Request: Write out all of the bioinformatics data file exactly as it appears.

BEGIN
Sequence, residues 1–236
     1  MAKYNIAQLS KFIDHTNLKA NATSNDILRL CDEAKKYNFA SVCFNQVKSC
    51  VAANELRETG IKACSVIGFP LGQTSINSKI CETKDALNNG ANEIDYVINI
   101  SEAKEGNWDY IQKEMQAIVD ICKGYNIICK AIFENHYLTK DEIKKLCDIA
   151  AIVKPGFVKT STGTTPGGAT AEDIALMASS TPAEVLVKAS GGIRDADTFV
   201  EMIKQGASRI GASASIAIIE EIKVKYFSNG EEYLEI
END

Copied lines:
Sequence, residues 1–236
     1  MAKYNIAQLS KFIDHTNLKA NATSNDILRL CDEAKKYNFA SVCFNQVKSC
    51  VAANELRETG IKACSVIGFP LGQTSINSKI CETKDALNNG ANEIDYVINI
   101  SEAKEGNWDY IQKEMQAIVD ICKGYNIICK AIFENHYLTK DEIKKLCDIA
   151  AIVKPGFVKT STGTTPGGAT AEDIALMASS TPAEVLVKAS GGIRDADTFV
   201  EMIKQGASRI GASASIAIIE EIKVKYFSNG EEYLEI